Relish of Indian pickle with tomato (Anba wa tamata))

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OK, here’s another recipe from Delights From The Garden Of Eden, the Iraqi cookbook by Nawal Nasrallah – and a simpler recipe you’ll never find.

Seems obvious, too, now that I’ve tried it.

I wonder if Indians use pickles in this way?

We use commercial Indian pickles at home sparingly on our Indian cooking. But this relish takes such products to a whole new level of usefulness.

Gosh, I reckon it’d go great in sandwiches, along with curries and rice and all sorts of things.

I reckon, too, it’ll keep in the fridge but I suspect fresh is best with this.

Nawal’s recipe uses mango pickle but I used what we had – a tangy lime and ginger pickle.

I had it slathered on bread as a snack while I was cooking something else.

INGREDIENTS

1/2 cup store-bought Indian pickle of your choice

1/2 cup chopped ripe tomatoes.

METHOD

1. Mix both ingredients together gent;y.

2. Eat.

Indi Chutneys

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Indi Chutneys, Shop 4, 203 Ballarat Rd, West Footscray. Phone: 9317 8624

Despite having eaten a lot of thalis, I have never before been presented with anything like the two tubes – one orange, the other a pale green – that accompany my non-vegetarian thali at Indi Chutneys.

I’m told they’re variously called, depending on your language of choice, wafers, bourugulu or gottalu.

Some online sleuthing turns up some Indian-food-related links when searching for those terms, but I remain not much more enlightened. A search for “Indian wafer tubes” turns up a whole results that refer to sweet wafer biscuit thingies of the sort that come from Europe.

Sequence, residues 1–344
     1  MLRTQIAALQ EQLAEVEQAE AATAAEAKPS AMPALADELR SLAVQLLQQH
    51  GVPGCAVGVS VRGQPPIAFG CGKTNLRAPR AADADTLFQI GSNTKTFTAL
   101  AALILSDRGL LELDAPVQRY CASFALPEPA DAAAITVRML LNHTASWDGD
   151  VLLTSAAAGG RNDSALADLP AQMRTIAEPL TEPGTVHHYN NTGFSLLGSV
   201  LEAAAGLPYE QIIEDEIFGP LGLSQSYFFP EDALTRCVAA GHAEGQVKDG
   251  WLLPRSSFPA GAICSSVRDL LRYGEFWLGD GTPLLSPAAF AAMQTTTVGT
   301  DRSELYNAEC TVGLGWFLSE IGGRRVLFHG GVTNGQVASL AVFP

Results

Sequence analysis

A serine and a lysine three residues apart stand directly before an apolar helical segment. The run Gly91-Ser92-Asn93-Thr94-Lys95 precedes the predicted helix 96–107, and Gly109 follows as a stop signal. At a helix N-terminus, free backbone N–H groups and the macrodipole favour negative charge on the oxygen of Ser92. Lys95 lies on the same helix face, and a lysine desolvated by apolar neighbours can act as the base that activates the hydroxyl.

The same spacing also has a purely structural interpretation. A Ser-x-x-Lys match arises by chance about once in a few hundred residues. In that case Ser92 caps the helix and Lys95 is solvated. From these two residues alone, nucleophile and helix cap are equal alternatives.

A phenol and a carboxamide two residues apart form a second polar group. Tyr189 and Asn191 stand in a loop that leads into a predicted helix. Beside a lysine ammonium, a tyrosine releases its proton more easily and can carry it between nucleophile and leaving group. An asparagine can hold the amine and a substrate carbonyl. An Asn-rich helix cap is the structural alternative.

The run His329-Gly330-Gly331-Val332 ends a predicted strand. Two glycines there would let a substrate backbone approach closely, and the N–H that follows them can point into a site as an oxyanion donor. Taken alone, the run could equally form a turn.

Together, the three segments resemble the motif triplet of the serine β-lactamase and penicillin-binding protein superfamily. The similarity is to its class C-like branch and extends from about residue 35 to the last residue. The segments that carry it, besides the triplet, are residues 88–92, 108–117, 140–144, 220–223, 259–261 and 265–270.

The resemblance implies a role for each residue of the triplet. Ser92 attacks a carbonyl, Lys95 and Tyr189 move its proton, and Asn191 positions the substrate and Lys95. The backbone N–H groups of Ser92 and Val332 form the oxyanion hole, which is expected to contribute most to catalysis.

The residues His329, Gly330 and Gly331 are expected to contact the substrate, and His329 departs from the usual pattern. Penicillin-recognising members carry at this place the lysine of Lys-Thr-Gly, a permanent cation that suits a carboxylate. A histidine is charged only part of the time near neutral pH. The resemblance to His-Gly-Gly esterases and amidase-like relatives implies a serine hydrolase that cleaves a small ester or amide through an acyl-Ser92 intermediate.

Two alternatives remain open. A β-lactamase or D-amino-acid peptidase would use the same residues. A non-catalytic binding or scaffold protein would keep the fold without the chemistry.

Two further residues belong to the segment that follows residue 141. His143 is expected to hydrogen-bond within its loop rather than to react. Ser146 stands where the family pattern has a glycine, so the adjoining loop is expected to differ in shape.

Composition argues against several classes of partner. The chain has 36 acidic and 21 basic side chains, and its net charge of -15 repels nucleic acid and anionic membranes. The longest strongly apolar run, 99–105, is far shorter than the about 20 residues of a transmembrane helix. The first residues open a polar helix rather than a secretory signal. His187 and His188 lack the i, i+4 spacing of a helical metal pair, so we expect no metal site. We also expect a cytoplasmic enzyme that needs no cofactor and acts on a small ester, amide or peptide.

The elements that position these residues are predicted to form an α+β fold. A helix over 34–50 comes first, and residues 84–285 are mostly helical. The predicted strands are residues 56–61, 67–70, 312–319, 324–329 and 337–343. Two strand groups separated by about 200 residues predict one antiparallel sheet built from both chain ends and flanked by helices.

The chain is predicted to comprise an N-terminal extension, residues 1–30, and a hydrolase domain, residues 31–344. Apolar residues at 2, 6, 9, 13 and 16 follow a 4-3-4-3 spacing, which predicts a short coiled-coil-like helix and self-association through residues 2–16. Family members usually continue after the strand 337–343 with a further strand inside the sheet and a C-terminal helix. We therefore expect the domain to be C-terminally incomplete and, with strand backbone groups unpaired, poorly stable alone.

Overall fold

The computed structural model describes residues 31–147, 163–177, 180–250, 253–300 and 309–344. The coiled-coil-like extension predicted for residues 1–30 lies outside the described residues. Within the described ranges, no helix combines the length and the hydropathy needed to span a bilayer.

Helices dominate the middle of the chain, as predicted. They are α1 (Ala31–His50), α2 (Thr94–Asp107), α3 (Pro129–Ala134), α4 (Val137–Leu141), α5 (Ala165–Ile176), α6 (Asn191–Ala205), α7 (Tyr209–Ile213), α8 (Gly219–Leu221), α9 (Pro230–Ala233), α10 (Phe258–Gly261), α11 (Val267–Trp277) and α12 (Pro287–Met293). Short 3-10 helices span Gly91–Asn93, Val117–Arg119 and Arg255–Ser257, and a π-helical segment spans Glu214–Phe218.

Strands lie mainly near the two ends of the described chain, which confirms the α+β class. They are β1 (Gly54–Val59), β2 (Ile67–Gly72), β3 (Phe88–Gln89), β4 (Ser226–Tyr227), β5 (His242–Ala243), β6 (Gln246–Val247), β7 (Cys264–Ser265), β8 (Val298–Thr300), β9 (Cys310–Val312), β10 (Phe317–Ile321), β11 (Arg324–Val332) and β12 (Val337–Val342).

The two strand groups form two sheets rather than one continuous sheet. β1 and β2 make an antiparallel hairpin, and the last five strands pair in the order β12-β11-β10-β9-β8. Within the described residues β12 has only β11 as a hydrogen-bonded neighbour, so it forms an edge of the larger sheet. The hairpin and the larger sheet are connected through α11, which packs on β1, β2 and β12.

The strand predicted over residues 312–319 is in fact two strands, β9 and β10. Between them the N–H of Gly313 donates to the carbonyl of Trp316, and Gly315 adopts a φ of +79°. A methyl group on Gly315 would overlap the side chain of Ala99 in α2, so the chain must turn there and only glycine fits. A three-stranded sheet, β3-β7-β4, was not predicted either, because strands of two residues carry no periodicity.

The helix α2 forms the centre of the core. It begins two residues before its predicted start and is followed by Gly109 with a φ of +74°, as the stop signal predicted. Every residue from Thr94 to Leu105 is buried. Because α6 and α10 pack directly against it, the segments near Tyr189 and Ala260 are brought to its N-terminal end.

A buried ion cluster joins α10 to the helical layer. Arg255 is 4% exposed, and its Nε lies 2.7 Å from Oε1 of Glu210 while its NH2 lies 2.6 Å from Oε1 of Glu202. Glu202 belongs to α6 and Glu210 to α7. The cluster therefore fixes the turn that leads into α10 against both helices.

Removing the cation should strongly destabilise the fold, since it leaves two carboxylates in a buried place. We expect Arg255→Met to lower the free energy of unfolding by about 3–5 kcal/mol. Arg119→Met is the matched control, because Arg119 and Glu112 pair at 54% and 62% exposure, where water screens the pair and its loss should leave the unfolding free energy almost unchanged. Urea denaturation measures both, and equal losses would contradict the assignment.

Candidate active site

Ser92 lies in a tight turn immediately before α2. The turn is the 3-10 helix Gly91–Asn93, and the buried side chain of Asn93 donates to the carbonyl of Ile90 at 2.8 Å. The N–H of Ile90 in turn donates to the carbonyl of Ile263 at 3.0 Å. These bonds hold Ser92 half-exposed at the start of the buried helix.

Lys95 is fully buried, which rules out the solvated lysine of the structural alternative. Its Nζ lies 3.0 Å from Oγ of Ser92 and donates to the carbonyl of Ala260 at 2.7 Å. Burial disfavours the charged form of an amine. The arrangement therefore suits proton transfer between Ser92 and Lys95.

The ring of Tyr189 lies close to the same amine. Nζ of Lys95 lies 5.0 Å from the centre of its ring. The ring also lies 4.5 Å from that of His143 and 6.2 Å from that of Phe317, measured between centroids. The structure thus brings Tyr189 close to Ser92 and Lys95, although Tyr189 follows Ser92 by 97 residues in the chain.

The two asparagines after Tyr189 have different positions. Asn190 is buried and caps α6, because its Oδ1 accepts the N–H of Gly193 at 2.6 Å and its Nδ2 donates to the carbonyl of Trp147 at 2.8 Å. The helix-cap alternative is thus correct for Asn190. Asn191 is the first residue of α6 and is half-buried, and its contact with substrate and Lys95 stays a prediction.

What I do know is that the names of these “wafer tubes” and pondering their origins is a whole lot more interesting than eating them.

For these turn out to be identical in texture, crunch and (un)flavour to the prawn crackers dispensed at so many eateries of Asian persuasion.

The rest of my thali ($10.95)?

Gosh, that’s really fine.

A good chicken curry of greenish hue and mild spiciness.

Some rich, glorious dal of magnificent saltiness.

And equally salty lamb curry with a richly deep brown gravy.

Some fine raita with just the right amount of vegetable crunch (onions, I think).

And, of course, plenty of rice.

The restaurant that has provided my thali is in a shop once inhabited by Southern Spice and more recently another Indian eats business so short-lived its name has been and gone from my mind.

It is also opposite the newish Footscray branch of Biryani House, thus giving this stretch of Ballarat Rd/Gordon St an Indian vibe to rival that of upper Barkly St.

As such, I am eager to get a handle on what’s happening here by visiting Indi Chutneys, but soon realise I am on very familiar ground.

For Indi Chutneys shares the same ownership and management with Indi Hots of superb biryanis fame in Footscray.

The menu at the new branch is more extensive – there’s some rudimentary dosas and Indo-Chinese items.

But mostly it seems to inhabit the same entirely gorgeous realm of no-fuss Indian basics at cheap-as-chips prices as its older sibling.

And I like that a lot – just as much as I like the idea that there’s somewhere else to get one of those biryanis.

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